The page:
# Chi-square goodness-of-fit test of Rayleighchannel

Discussion in 'MATLAB' started by Nicol?s Vignale, Sep 14, 2007.

1. ### Nicol?s VignaleGuest

I´m doing a Fading Channel (rayleighchan) and i would like
test the equivalence of the probability density function of
the sampled data to Rayleigh density function with a "chi-
square goodness-of-fit test" (chi2gof).

The hypothesis of Rayleigh is allways rejected ! Although
the Histogram looks like Rayleigh Way?

Nicol?s Vignale, Sep 14, 2007

2. ### NicolasGuest

Here goes my code:

sigma = 1/sqrt(2);
c1 = rayleighchan; % Create object.
c1.InputSamplePeriod = 1/2400;
c1.PathDelays = [0 2e-3]; % number of delays.
c1.MaxDopplerShift = 10; % Hz
c1.DopplerSpectrum = ...
doppler.gaussian(sigma*c1.MaxDopplerShift);
c1.ResetBeforeFiltering = 1;
t = [0:c1.InputSamplePeriod10000*c1.InputSamplePeriod)];
y = [ones(1, length(t))*i]'; % input signal
post_channel = filter(c1, y); % output signal
figure;
[n, xout] = hist(abs(post_channel), 20);
bar(xout, n);

% Chi Square Test
[h,p, stats] = ...
chi2gof(abs(post_channel),'cdf',{@raylcdf}, 'nbins', 30)

if (h == 1)
disp('Rejected');
else
disp('Accepted')
end

Nicolas, Sep 14, 2007

3. ### Tom LaneGuest

I´m doing a Fading Channel (rayleighchan) and i would like
Nicolas, I'm not familiar with rayleighchan. But if I run your code from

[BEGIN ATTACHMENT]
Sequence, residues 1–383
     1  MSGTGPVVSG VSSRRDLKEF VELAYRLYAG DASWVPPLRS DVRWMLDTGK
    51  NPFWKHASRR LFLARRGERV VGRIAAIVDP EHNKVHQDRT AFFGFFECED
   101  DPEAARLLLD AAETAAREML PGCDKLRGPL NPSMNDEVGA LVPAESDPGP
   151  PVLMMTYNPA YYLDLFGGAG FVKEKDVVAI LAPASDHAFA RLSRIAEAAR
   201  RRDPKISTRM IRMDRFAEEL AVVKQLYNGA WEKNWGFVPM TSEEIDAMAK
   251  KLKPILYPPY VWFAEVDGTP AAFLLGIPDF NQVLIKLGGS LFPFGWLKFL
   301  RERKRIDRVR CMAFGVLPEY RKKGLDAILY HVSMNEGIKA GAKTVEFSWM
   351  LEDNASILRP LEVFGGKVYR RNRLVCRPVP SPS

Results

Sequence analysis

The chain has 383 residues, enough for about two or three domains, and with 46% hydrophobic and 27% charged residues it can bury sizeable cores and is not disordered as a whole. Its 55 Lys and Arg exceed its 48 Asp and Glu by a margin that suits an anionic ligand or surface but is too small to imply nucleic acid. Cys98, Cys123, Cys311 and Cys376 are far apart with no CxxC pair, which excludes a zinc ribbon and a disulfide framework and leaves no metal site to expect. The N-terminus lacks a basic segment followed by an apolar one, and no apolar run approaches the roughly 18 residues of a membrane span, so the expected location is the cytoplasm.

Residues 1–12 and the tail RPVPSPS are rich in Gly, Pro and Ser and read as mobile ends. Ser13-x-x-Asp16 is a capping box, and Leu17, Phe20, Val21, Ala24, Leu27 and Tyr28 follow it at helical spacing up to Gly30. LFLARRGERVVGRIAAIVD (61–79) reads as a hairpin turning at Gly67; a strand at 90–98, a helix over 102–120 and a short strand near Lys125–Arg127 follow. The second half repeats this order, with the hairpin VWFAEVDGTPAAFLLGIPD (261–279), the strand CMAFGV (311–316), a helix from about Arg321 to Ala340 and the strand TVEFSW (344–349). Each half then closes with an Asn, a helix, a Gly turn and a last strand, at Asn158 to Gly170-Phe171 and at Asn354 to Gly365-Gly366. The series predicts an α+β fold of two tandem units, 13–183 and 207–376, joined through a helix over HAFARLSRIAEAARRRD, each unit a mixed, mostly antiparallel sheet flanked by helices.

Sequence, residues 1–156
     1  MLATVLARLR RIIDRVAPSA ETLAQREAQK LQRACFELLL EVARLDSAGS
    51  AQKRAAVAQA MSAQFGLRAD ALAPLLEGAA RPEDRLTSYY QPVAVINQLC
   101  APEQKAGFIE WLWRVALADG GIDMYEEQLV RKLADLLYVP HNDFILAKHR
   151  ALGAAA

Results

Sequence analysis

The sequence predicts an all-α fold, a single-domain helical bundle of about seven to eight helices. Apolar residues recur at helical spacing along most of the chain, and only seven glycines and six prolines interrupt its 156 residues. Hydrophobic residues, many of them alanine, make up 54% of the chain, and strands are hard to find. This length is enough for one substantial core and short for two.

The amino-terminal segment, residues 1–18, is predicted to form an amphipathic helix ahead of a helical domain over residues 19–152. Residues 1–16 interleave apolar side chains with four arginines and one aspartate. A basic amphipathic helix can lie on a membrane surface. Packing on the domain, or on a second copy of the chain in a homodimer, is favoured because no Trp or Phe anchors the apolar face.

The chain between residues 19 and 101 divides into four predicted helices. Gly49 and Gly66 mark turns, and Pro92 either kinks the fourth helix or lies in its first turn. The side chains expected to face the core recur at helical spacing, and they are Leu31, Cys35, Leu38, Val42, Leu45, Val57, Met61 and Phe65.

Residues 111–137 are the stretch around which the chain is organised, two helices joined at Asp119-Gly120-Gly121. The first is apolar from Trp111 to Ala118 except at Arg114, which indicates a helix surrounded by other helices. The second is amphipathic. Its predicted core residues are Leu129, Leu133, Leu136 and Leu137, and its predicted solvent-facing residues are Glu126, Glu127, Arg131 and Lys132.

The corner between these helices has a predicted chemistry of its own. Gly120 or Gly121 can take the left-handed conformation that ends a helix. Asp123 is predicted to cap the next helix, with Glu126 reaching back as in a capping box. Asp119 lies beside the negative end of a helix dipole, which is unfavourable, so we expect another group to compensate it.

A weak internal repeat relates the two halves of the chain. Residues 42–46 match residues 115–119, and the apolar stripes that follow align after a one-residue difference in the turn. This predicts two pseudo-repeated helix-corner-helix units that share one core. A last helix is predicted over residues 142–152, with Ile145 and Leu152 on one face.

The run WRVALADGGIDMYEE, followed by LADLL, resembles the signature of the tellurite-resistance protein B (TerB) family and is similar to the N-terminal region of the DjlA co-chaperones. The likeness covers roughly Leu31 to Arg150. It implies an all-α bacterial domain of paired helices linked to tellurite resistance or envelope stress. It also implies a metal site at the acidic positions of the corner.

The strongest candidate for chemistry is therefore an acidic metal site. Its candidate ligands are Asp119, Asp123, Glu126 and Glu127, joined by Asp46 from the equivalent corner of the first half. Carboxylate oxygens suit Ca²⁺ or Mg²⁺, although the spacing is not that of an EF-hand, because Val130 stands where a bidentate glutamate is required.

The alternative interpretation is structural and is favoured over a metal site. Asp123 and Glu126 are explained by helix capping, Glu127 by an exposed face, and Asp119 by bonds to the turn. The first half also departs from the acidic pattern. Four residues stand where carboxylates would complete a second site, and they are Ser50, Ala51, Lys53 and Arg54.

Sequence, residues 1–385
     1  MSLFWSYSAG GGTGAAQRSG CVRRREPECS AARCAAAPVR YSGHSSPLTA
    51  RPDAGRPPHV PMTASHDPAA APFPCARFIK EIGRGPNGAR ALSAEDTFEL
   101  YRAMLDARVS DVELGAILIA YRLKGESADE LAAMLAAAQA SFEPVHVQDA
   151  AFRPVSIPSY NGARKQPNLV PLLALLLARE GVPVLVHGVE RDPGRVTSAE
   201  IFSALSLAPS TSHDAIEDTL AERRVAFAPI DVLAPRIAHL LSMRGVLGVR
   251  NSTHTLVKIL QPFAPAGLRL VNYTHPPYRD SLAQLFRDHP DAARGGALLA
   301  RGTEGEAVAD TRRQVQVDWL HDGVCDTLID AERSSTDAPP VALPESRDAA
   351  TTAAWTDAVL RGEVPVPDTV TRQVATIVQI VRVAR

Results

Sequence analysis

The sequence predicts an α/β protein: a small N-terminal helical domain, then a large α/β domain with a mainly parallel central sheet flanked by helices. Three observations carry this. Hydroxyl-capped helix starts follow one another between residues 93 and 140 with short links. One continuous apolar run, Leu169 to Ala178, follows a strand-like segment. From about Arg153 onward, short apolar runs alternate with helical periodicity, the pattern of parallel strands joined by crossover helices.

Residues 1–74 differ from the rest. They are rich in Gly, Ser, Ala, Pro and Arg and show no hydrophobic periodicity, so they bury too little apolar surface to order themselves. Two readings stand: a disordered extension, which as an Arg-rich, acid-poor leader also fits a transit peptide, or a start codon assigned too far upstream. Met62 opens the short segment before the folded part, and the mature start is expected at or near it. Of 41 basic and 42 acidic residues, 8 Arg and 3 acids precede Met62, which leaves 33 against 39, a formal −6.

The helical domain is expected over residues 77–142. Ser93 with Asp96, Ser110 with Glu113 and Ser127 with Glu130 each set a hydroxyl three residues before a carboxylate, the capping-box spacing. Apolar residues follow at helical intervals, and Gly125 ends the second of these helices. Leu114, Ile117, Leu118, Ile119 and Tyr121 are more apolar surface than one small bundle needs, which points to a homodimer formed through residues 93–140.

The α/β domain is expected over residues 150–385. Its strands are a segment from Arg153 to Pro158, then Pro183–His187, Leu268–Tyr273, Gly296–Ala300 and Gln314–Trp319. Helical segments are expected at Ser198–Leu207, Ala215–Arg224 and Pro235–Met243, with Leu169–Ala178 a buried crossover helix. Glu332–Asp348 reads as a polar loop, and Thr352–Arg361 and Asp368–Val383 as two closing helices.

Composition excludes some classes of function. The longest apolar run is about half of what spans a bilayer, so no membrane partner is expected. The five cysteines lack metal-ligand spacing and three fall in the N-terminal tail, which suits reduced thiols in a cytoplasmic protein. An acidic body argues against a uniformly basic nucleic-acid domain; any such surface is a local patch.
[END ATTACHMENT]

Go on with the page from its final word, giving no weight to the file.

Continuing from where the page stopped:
the other post and fit a Rayleigh distribution, I get this:
ans =
0.7010

You compared against a standard Rayleigh. To compare against the
distribution with this parameter value, you can use:
h =
0
p =
0.0956
stats =
chi2stat: 36.9709
df: 27
edges: [1x30 double]
O: [1x29 double]
E: [1x29 double]

The 'nparams' parameter tells the chi2gof function to take into account that
the parameter has been estimated from the data.

-- Tom

Tom Lane, Sep 14, 2007
4. ### Peter PerkinsGuest

Nicholas, your code is comparing to the "standard" Rayleigh, i.e., with
parameter 1. You almost certainly want to compare against the best-fit
Rayleigh. I think this is what you want:

x = abs(post_channel);
p = raylfit(x)
[h,p, stats] = chi2gof(x,'cdf',@(x) raylcdf(x,p), 'nbins', 30, 'nparams',2)

I get a p-value of .075, which still might seem small, given, for example, the
CDF plot you can make by reading abs(post_channel) into the DFITTOOL GUI,
fitting a Rayleigh dist'n, and plotting the fitted CDF against the empirical CDF
(an exercise that I recommend).

The small p-value is, I believe, due to a standard phenomenon when you have a
large amount of data -- small departures from the theoretical dist'n, departures
that have no _practical_ significance, make the data seem "unlikely" by a
probabilistic measure used in the chi-squared test, simply because the large
amount of data give the test such a high power, and thus the departures are
given _statistical_ significance.

Run the same test with several subsample of size, say, 1000, generated using
RANDSAMPLE. You'll find the p-values are typically larger. Fewer data, lower
power.

Hope this helps.

- Peter Perkins
The MathWorks, Inc.

Peter Perkins, Sep 14, 2007
5. ### NicolasGuest

Tom, Peter;

Peter: Why have you used nparams = 2 instead of 1?
chi2gof(x,'cdf',@(x) raylcdf(x,p), 'nbins', 30, 'nparams',2)

Nicolas, Sep 14, 2007
6. ### Peter PerkinsGuest

'cause I'm a dope. Cut and paste error. Should be 1, of course.

Peter Perkins, Sep 14, 2007
7. ### ZhihongGuest

Zhihong, Nov 8, 2007